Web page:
Components of Logic Models


Sample logic model with Situation highlighted

The situation is the foundation for logic model development. The problem or issue that the program is to address sits within a setting or situation--a complex of sociopolitical, environmental, and economic conditions. If you incorrectly understand the situation and misdiagnose the problem, everything that follows is likely to be wrong.

Take time to understand the situation and carefully define the problem. This may be the most important step. As you do so, consider the following questions:

  1. What is the problem/issue?
  2. Why is this a problem? (What causes the problem?)
  3. For whom (individual, household, group, community, society in general) does this problem exist?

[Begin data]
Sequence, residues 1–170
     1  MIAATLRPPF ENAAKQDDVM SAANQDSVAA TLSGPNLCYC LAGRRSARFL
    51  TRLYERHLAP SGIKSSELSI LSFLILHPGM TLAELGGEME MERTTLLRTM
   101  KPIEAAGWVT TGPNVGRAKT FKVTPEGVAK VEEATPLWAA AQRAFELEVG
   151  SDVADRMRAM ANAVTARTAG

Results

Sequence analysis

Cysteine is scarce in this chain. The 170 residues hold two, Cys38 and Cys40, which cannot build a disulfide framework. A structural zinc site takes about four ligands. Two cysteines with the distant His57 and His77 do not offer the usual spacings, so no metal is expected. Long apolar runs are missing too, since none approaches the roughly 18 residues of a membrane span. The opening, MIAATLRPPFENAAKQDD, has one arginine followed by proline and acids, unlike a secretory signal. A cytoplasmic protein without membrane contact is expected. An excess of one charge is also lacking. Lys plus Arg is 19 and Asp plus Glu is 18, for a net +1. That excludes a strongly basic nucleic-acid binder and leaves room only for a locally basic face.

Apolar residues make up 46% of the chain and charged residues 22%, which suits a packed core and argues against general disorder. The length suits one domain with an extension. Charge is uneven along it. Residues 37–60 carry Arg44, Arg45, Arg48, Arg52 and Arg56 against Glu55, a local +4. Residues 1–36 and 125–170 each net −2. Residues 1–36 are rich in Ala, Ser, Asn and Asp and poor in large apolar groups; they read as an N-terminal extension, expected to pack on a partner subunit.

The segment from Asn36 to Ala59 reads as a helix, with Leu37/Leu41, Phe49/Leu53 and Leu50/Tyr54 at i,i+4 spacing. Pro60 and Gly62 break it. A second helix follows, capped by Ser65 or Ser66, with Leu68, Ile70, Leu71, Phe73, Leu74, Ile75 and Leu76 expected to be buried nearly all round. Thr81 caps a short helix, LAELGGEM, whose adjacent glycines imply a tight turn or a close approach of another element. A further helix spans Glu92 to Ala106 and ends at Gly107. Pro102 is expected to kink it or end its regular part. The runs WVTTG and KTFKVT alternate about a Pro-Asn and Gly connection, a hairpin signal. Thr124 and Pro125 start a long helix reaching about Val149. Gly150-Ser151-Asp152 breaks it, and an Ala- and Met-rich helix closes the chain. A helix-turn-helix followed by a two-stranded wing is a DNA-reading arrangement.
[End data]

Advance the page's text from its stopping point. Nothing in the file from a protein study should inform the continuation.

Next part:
4. Who has a stake in the problem? (Who cares whether it is resolved or not?)
  5. What do we know about the problem/issue/people that are involved? What research, experience do we have? What do existing research and experience say?

Create a succinct but thorough statement that answers the above questions. This statement is the foundation of your logic model.

"Practice" icon

Example situation statements
Practice writing a situation statement

Often the situation statement is appended to the logic model, as text. We think it is important, however, to include a few words on the far left side of the logic model. These words should capture the core of the originating situation. What is the problem/issue? The situation sets the foundation for everything that follows and is what we return to in order to see if we are making a difference. Too often we design and implement programs without fully considering and understanding the situation. The better we understand the situation and analyze the problem fully, the easier our logic model development will be.
"Don't miss it" icon Traps to avoid
Questions to ask during problem analysis
Help with problem analysis
Help with understanding your situation
Situations are not static
Recognizing assets